If you are serious about wanting to compete in this lack of business environment, you need to find a way to bribe your legal team into doing business with entrepreneurs that involves your logo so you can make money off of advertisers who are interested in the entrepreneur and their technology. If you can find some poor ones without a legal team, your legal team can steal from them easily and sell their technology to Asia and eliminate some of your jobs. It is called downsizing and is necessary to please the shareholders.


This in turn creates the pressure atmosphere that is needed to force you to jump through hoops, spend no time with your family and work harder so they can decide which ones to eliminate in their own internal reality show. You could share your salary with unemployed open source programmer hackers as insurance for your computer system. It might be worth it in the end, data wise. Then you can say that you have data which has not been compromised by leaks and get fired.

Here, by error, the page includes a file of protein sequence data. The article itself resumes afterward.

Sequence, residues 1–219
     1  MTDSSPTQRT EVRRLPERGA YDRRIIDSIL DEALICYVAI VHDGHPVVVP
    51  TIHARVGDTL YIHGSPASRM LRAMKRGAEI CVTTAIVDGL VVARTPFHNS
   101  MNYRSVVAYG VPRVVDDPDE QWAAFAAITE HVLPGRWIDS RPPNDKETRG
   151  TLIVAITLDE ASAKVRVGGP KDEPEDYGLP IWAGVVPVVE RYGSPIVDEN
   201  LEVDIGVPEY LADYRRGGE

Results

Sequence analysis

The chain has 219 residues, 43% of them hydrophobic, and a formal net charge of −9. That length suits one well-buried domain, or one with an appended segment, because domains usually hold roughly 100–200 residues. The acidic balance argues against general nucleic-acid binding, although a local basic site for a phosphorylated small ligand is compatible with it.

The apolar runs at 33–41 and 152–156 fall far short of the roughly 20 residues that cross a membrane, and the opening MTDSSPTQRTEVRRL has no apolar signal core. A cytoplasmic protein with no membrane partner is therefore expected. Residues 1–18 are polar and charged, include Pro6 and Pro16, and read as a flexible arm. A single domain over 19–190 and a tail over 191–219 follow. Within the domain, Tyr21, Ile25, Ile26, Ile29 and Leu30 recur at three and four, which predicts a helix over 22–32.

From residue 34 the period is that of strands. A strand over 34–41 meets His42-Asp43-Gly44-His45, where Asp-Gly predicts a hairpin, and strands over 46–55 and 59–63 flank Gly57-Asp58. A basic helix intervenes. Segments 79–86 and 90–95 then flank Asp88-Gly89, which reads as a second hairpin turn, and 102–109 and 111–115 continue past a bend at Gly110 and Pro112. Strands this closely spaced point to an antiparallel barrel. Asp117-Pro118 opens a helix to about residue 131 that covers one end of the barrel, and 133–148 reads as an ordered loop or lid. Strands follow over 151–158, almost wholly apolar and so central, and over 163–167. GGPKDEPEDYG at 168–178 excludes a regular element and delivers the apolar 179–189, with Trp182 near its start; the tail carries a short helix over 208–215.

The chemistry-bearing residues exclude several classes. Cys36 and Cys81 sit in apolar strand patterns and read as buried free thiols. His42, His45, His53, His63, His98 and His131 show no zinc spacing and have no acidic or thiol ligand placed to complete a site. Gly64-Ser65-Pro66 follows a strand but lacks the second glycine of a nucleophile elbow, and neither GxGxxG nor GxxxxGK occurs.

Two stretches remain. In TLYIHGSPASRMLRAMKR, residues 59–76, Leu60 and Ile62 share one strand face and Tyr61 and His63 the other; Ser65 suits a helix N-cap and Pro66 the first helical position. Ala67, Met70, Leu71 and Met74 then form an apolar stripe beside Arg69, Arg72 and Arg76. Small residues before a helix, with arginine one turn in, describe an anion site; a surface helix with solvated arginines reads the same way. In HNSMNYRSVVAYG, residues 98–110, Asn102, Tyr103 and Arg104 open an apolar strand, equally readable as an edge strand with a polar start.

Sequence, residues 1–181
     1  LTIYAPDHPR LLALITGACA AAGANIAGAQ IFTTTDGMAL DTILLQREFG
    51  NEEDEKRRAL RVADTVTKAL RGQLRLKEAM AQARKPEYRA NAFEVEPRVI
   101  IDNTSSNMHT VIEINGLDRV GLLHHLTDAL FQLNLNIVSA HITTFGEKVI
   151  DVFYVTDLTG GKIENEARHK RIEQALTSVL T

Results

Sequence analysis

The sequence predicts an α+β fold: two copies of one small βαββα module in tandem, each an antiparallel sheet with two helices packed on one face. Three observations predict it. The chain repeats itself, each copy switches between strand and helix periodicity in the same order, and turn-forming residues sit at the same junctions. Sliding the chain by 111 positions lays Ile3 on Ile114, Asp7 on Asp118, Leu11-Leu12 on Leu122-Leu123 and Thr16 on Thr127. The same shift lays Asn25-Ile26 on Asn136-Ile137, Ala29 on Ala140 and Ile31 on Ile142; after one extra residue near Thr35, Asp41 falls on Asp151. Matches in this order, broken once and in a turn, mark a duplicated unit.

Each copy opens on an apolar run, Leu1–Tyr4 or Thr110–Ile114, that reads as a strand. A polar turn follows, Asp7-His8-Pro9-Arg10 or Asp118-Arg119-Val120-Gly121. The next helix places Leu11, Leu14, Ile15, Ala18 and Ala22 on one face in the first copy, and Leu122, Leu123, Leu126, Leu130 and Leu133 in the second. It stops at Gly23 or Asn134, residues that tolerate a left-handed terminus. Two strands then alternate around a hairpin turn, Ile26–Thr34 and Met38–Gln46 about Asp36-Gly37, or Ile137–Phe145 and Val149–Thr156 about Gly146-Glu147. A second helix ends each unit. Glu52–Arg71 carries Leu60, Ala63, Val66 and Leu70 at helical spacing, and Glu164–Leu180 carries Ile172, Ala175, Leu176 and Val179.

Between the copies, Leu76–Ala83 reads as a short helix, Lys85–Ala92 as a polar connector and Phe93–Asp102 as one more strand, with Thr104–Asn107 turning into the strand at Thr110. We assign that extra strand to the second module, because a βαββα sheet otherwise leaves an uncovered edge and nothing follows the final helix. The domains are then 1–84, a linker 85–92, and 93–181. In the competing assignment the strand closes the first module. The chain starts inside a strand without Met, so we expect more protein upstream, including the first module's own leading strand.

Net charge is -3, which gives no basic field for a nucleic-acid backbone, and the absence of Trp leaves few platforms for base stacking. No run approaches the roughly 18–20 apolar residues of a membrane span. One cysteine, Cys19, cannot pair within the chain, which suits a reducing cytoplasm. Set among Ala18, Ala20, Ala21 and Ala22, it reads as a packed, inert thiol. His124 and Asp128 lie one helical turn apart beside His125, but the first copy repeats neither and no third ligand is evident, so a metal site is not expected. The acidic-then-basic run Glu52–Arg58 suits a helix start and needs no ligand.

The future of business, well, it looks…Asian. True leadership from Executives would be to welcome entrepreneurs with enablers into your business and treat them like movie stars with value added to borrow on for a US based manufacturing facility in future businesses. You could surround them with all the tools they need to be successful and help create the next Jobs, Gates, or other technology star. You might even end up with something to sell that people who have money will buy…in Asia. Meanwhile, Corporate Giving will keep you on the Silver Screen of the Internet and your workforce will be educated in trade shows and seminars by entrepreneurs.


Business of the Future could be based on points instead of money. Your logo will be worth more than unknown companies, unless they have Asian manufacturers and advertisers behind them. The enabling technologies are mostly gone already, either through data mining or information sharing. Your legal teams may be useful in getting those back for your new entrepreneurial JV partners. See you at the show!

Robin L. Ore is an HDTV Pioneer and Communications Industry Expert. She has a degree in the Health industry and is an Inventor, Scientific Researcher and Entrepreneur.